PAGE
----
Approaches to comics start traditionally by defining comics as a medium. This “rage for definition” and the “anxious throat-clearing about how to define its object” (Charles Hatfield) can maybe be turned into something fruitful and engaging when trying to come up in class with “working descriptions” (Hatfield 2009) or “prototypical definitions” (such as Baetens and Frey’s, or Diereck and Lefèvre’s) as they allow for exceptions. Lanslots and Dupré invited the students to comment on and give examples for Baetens and Frey’s parameters of a prototypical definition of graphic novels (including matters of content, audience, graphic style, format, authorship, seriality and distribution). The summer school participants were also invited to discuss panels and pages of graphic novels, such as David B.’s L’Ascension du haut mal; Spiegelman’s Maus; and Legendre’s and Planellas’ Zigeuner, resulting in a lively discussion on form (suspension between pages, background versus foreground, body frame, frameless panels, temporality).

The second part of Lanslots and Dupré’s workshop was devoted to intermediality and haptic visuality. On the one hand they built on Rajewsky’s theory of intermediality to discuss intermedial references in comics such as the use of photographs, intertextual references to Western literature (e.g. drawing of books, poems, epic and its contemporary versions). Finally, Lanslots and Dupré rearranged the group into three subgroups to study the intermedial use of photographs in one of three suggested graphic memoirs: Lemelman’s Mendel’s Daughter and Two Cents Plain; and Sansone and Tota’s Palacinche. The conclusion of this task was that Rajewsky’s intermediality should be complemented with a material approach such as the one presented by Laura Marks in The Skin of the Film (2000). Marks’s idea of haptic visuality, namely that cinema has tactile aspects making a connection of visual contact with the spectator, can be applied to what these photographs in comics achieve, according to Lanslots and Dupré.

Interview with Fumettibrutti by Nicoletta Mandolini (Researcher at Universidade do Minho, Portugal)

Nicoletta Mandolini, who specialises in gender studies, interviewed the comics artist Fumettibrutti (Josephine Yole Signorelli). Signorelli started off as an underground artist in the comics’ scene of Bologna after studying at the Academy of Fine Arts there. Italian editor Feltrinelli offered her a contract on the basis of her comics published on social media. This resulted in a first graphic novel in 2018, entitled Romanzo esplicito (Explicit Novel). Due to the success of this first volume, two more parts were added to her ‘autobiographical’ trilogy: Storia della mia adolescenza trans (History of My Transgender Adolescence) in 2019 and Anestesia (Anaesthesia) in 2021. This last graphic novel will be translated into French. Mandolini focused on gender issues such as the representation of sexual desire or the imposter syndrome of women and on the genre of graphic memoir. The video of the interview is available here.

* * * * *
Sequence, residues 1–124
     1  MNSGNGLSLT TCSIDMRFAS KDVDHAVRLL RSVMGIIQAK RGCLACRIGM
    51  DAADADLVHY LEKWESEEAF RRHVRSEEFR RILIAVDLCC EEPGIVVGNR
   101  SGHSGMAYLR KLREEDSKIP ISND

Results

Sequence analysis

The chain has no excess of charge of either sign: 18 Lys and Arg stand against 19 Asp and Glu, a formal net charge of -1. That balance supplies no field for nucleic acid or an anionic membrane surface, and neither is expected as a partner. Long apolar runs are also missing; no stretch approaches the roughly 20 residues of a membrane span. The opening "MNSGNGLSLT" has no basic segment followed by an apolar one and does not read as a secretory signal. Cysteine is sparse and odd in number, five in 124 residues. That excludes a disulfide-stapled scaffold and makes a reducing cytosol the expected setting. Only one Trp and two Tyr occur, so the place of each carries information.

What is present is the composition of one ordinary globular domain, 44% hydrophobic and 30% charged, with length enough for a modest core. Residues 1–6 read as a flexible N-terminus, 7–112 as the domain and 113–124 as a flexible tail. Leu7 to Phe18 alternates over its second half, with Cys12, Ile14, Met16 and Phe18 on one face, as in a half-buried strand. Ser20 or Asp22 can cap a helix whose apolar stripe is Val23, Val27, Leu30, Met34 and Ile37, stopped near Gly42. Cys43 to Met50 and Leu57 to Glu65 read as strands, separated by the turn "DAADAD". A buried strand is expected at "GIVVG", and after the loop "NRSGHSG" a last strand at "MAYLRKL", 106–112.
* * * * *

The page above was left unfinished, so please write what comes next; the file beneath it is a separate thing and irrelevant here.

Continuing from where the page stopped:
Round Table on Diversity in Italian comics by Alessia Mangiavillano (PhD candidate, Coventry)

In order to engage, as scholars, with comic artists, the summer school also encompassed a virtual round table, on diversity in Italian comics. The guests of the round table were comic artists actively involved in contemporary Italian productions and avant-garde collectives. They discussed the topic of diversity through different perspectives: production, genres, formats, collaborations, wages and also gender differences on the Italian comics scene.

The main question posed to our speakers was “How do you live and interpret such diversity?”, to which everyone offered an interesting answer.

Josephine Signorelli (Fumettibrutti), one of the most original and controversial voices in the field of Italian comics, reflected on her position of transsexual author and how her autobiographical works contribute to expand narratives about transsexual people. Lelio Bonaccorso, a prolific comic artist who has experimented with different genres and collaborations, spoke of diversity as a core value of inclusivity and something that offers opportunities to enrich narratives. Francesca Ciregia gave her contribution as spokesperson of Moleste, a young collective of women who denounces gender discrimination and inappropriate behaviours in the comics industry. Claudia Palescandolo, chair of MeFu (Mestieri del Fumetto)—an association that investigates the economic situation of comics creators in Italy—highlighted the fact that diversity in wages is not a positive point and that it needs to be addressed formally. There was also an interesting discussion regarding diversity and freedom in rearranging grid, gutter and panels. Claudia spoke about the possibility of breaking the rules of the page, something that she defined as “anarchic” in the spirit. Francesca provided examples of diverse ways to proceed when assembling the comics and Lelio referred to the Commissario Spada, a comics series published in the 70s that featured innovative graphical creations. Fumettibrutti reflected on her specific format, the Instagram 4-panel grid, realising that she is quite confident with that at the moment and stating that perhaps one day she will venture to experiment with other formats. Finally, Stefano “S3keno” Piccoli, founder of the renowned ARF! comics festival in Rome, shared some anecdotes from his 30-year experience in the comics industry. Piccoli spoke about complex dynamics that move the industry from within, including challenges of single comics artists and the role of publishing houses, giving to the audience all the opportunity to see the bigger picture concerning diversity in Italian comics.